If your business had over a certain number of employees in 2019, you were only able to claim the credit if you paid furloughed (non-working) employees. If you were under the threshold, you could claim this credit on wages paid to working employees. The threshold was 100 employees for the 2020 credits and 500 employees for the 2021 credits.
You didn’t have to include ERC worksheets when you filed or amended your payroll returns, but you were supposed to keep these documents for your records. If you don’t have the worksheets that you used to calculate the returns, a tax attorney may be able to help you reconstruct these records.
The above are the documents that are the most likely to be requested, but as needed, the auditor may request other documents. You should never hide information from the IRS, but if you’re uncomfortable with an auditor’s request, contact a tax attorney for guidance.
If the IRS decides that you don’t qualify for the ERC credit, the auditor will adjust your returns, and you will owe taxes. Due to the high value of this credit, the tax liability is also likely to be high. Additionally, you may face the following penalties:
The IRS assesses a late deposit penalty ranging from 2 to 10% of the taxes owed if you pay your payroll taxes late. If you claimed a credit erroneously, you probably didn’t make the right deposits, and thus, the auditor may decide to assess this penalty.
The auditor may add a failure-to-pay penalty to your account. This penalty is 0.5% of the unpaid tax, and it’s assessed for every month that you are late. It can get up to 25% of your balance. Depending on the situation, the auditor may decide to backdate this penalty based on the original due date of your payment, or they may only assess this penalty if you pay the tax liability from the audit late.
This is a penalty that the IRS assesses on returns that understated tax liability due to negligence or disregard of the tax code. This penalty is 20% of the understated tax. When you’re dealing with credits that are $10,000 per employee per quarter, this penalty can add up quickly if the IRS takes your credits away.
In cases of fraud, the IRS can assess a 75% penalty. In other words, if the auditor disallows a single $10,000 credit, the fraud penalty will be $7,500. When you’re dealing with dozens of employees and dozens of big credits, this penalty can snowball quickly.
Whether you’re facing penalties or not, an unexpected tax bill can put a kink in your budget. Here are some options to help you resolve the tax liability from your ERC audit:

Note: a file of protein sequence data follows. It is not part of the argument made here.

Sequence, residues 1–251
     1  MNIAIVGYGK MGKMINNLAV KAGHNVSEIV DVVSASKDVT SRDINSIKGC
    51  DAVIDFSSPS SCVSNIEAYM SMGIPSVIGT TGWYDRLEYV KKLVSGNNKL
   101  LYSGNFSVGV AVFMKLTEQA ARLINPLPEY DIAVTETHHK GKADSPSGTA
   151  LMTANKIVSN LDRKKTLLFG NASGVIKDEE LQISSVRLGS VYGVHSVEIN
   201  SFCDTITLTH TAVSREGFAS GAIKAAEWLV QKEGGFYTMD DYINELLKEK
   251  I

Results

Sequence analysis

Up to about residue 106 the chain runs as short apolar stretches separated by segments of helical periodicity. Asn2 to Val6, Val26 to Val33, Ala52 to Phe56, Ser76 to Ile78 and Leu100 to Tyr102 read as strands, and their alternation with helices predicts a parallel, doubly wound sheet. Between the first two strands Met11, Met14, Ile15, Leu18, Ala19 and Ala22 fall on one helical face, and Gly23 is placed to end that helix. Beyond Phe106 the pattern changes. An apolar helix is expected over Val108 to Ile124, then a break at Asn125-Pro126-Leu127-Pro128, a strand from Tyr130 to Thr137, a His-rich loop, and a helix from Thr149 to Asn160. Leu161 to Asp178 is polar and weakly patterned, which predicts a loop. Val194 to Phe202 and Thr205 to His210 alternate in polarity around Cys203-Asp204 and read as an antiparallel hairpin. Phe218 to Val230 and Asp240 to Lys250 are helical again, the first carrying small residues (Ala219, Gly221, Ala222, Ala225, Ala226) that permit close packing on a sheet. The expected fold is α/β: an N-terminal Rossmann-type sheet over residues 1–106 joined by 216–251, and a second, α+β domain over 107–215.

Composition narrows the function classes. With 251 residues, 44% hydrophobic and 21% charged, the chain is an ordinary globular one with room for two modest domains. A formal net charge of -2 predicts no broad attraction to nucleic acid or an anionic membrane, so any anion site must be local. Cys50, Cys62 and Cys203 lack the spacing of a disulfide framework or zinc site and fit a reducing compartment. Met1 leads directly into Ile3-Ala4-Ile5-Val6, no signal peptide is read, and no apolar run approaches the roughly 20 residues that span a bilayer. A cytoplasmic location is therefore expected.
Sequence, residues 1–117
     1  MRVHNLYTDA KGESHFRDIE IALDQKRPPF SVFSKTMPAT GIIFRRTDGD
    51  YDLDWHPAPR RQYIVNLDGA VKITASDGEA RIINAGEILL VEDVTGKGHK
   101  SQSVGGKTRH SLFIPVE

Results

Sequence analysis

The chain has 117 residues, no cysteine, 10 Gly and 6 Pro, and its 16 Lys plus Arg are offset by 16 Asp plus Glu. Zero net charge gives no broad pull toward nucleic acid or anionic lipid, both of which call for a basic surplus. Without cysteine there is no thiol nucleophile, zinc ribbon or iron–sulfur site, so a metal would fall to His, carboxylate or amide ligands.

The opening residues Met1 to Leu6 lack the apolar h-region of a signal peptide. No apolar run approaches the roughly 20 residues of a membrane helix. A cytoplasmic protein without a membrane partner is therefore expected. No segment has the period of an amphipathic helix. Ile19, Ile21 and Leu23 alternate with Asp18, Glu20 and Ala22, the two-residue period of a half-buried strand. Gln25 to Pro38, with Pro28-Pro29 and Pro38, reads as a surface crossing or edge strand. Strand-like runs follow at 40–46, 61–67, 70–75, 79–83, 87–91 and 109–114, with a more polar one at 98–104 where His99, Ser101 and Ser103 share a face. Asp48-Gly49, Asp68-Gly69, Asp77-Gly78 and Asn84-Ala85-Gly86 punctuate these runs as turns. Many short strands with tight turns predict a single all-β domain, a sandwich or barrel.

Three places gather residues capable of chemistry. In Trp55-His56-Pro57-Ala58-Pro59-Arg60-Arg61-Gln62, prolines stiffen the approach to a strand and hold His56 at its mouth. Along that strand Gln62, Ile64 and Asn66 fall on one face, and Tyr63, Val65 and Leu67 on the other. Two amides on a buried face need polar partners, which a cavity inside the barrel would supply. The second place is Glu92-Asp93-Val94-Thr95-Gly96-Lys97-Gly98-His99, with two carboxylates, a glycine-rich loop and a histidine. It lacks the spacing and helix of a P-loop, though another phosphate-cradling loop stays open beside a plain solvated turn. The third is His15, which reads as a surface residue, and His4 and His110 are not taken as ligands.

- Express business payment plan — If you owe less than $25,000, you can pay off the bill in three years, and you’re usually compliant with tax laws, the IRS will let you make monthly payments.
- Installment agreement — If you owe more than $25,000, the IRS will usually only let you set up a payment plan if your business is no longer operating. However, in this case, you can take up to six years to pay.
- Offer in compromise — This is when the IRS lets you settle for less than you owe, but you may not be able to qualify if you’re still operating. To apply, you need to complete detailed statements about your business and personal finances.
You should also apply for penalty abatement. That can help to reduce your tax liability and make it more manageable to get back on track. Even if you don’t think you’ll qualify, you should at least ask the IRS to remove the penalties.
In almost all cases, it’s easier to deal with an IRS audit with the help of a tax attorney. They know the language, they understand the requirements, and they have experience dealing with auditors. That said, you can certainly handle your own audit if you feel comfortable.
Not sure what you want to do? Here are some signs that you should contact a tax attorney:
- You know that you made a mistake on your tax return.
- You worked with an ERC mill and you’re worried that they made mistakes.
- You don’t understand the audit notice.
- You lost your supporting documents.
- Your business is no longer in operation.
- You want to minimize stress during the audit process.
- You feel like the auditor is treating you unfairly.
- The auditor has proposed changes to your return and you disagree.
- The audit determination letter says that you owe a significant tax liability plus penalties.
- You want help to appeal the results of the audit.
At Seattle Legal Services, PLLC, we have extensive experience helping people deal with audits, payroll tax problems, unexpected tax liabilities, and other tax issues. You don’t have to deal with this stress on your own. Instead, contact us today to get help.